Welcome to my wee photoblog on Glasgow, where we feature the joys and unjoys of walking and cycling through a fascinating, beautiful and often badly run city. For the blog's origin and an alphabetical list of posts see the 'Introduction' post -Today is 17 November, Day 28 of the Tommy and Gail Sheridan Trial. For our two previous visits to the High Court, see
|Heading down our usual Bridgegate route to the High Court: no Anwar crosses our path today.|
|Clock is lit up - winter is here for sure.|
|The trial is getting more bizarre by the day; recent highlights include Bob Bird, the Scottish editor of the News of the World describing how he stripped to his underwear to watch a secretly recorded video of Tommy Sheridan. From the Scotsman -|
'A "cloak and dagger" meeting was arranged and Mr Bird met a man who turned out to be Tommy Sheridan's best man George McNeilage at an address in Pollok, Glasgow, where he was asked to remove his clothes. The court previously heard that Mr McNeilage was worried that Mr Bird would be "wired". Mr Bird told the High Court in Glasgow: "He said 'I'm Tommy's best man', at which point my blood ran cold as I thought Tommy Sheridan was going to burst into the room with a video camera." Mr McNeilage then showed him a videotape and asked for £250,000 for it, the court heard. Mr Bird said he considered the tape of interest.'
SeeAnd today will see revelations about how the NOW's psychic agony aunt (now former resident psychic, she didn't see that coming) got in touch with Sherry to warn him the paper was after him - http://www.dailyrecord.co.uk/news/scottish-news/2010/11/18/tommy-sheridan-perjury-trial-psychic-agony-aunt-tipped-former-msp-off-about-newspaper-s-24-7-surveillance-court-hears-86908-22722625/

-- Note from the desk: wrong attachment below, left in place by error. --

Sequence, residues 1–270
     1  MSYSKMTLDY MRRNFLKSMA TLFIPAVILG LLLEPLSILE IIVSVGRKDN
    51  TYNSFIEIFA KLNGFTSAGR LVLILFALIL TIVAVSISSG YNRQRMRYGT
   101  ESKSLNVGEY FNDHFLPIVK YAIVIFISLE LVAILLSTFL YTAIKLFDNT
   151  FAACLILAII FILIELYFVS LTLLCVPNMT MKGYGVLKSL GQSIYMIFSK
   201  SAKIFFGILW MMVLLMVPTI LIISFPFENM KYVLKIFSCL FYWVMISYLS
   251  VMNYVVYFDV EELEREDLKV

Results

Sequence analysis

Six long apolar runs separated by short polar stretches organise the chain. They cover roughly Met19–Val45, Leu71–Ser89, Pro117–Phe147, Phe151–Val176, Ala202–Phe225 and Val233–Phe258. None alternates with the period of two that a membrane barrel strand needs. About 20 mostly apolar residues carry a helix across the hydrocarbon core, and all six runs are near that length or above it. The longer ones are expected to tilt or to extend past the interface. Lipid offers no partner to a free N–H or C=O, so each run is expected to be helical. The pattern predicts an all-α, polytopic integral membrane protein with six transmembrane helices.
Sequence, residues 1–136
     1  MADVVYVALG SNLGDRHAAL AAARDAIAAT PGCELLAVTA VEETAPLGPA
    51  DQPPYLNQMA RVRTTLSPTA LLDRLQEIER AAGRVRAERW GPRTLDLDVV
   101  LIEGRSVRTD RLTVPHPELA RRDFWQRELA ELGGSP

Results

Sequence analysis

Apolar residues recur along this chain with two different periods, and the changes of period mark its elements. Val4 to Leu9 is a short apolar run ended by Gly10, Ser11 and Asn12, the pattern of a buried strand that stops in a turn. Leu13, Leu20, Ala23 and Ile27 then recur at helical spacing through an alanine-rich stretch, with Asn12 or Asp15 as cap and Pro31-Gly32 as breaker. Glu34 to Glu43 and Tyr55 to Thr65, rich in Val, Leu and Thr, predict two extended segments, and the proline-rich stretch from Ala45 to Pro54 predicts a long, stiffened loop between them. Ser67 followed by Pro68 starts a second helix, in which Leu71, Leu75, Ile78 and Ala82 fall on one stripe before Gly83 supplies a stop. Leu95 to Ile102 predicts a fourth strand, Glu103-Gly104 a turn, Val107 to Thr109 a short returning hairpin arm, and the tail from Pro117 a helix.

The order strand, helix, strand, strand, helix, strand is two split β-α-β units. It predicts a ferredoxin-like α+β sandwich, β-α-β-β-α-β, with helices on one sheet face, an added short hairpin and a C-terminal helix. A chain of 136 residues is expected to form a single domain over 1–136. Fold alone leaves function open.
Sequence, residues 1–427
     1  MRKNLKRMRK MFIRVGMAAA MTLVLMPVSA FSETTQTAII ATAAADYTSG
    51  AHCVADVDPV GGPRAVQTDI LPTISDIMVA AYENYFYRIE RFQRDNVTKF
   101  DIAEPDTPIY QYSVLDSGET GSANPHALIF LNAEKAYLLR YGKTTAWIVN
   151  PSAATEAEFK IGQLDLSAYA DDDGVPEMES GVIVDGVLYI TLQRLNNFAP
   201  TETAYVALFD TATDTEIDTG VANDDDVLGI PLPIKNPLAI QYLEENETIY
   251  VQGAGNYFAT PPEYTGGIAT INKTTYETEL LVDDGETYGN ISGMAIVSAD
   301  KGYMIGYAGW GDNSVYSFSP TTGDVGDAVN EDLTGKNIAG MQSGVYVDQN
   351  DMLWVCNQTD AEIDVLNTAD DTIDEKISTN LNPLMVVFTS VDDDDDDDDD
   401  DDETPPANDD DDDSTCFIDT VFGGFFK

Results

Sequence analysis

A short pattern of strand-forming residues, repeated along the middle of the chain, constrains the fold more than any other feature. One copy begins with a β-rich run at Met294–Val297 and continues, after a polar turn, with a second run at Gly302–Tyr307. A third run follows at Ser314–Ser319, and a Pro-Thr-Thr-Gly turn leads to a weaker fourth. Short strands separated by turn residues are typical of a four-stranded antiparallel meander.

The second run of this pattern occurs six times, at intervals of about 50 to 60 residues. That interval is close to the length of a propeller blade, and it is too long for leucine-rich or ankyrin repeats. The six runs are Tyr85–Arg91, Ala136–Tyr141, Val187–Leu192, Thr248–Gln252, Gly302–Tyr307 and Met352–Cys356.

Said Mr Bird: 'As a psychic agony aunt, she did make a lot of predictions that did not come to be true'. Wonderful.
|The revolving door of Scottish justice|
|The alley between the new and (on right) old High Courts; Glasgow Green in the distance, where those guilty of capital offences were hanged|
|Pretty cold this morning, and salt has been spread about the entrance; a wee pile has been left on one of the stone balls|
|Here they come|
|Some sort of exchange happens between the figure passing on the right and Sherry. . .|
|. . . a friendly one obviously. The figure seems to be hovering just above the ground. Perhaps it's Clarence the Angel from It's a Wonderful Life, though Sherry's favourite Jimmy Stewart movie is probably Mr Smith Goes to Washington|
|Goodness what a terrible picture; apologies all round|
|The media go off for coffee; the large pinch of salt remains|
|Heading back along the Bridgegate; cheap clothes the Paddy's Market end, modern galleries at the further Merchant City end, where they probably describe this environment as 'edgy'|
|A message in stone; an old Debenham's ad|
|Legs 'n' Co - described itself as a 'Gentleman's Club'. . .|
|For the 'hotel' along here see previous post|
Back home. This is my copy of Edward Aveling's The Student's Darwin (1881), an introduction to Darwin's Theory of Evolution. This copy originally belonged to a now-forgotten critic called Neville Lynn, who has somewhat eccentrically inscribed his ownership on the title page. While writing the book, Aveling had written to Darwin requesting permission to dedicate the work to him, an honour Darwin declined. In 1895, Aveling - who was then living with Eleanor, Marx's daughter - filed the Darwin letter among Marx's correspondence. It was later erroneously assumed for many years that Darwin had written to Marx, and that Marx had offered to dedicate Das Kapital to him.
(See Wheen's 1999 biography of Marx or just google.)
|In December 1893, Aveling wrote to Lynn asking him for help in publishing some of his plays (written under the name of 'Alec Nelson'. Lynn has pasted the letter into the book (the envelope is also here).|